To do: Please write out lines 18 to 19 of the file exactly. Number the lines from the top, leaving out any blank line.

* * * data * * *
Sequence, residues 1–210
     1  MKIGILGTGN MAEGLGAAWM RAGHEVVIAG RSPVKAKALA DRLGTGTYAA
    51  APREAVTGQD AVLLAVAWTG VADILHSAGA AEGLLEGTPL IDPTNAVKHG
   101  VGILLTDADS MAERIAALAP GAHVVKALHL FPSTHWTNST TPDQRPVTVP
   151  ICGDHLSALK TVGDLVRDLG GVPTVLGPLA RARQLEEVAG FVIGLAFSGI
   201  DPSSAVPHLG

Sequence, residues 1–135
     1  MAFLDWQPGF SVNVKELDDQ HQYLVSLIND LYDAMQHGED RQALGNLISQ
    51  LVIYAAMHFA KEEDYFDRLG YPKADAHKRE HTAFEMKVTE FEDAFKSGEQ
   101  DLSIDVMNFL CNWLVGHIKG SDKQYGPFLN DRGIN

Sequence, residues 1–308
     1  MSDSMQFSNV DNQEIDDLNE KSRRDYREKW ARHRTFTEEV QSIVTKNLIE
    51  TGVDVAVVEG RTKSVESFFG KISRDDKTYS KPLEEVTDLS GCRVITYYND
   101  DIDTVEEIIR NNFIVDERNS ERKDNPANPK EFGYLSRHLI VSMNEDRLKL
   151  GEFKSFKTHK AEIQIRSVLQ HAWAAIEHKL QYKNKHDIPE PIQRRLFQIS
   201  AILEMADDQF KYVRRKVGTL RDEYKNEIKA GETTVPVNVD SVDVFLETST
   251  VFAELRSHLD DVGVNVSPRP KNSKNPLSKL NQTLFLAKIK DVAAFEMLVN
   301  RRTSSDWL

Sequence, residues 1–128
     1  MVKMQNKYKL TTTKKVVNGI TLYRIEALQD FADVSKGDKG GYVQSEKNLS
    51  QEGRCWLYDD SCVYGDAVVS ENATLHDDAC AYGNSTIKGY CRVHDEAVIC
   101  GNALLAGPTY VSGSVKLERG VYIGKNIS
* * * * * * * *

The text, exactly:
   301  RRTSSDWL

Sequence, residues 1–128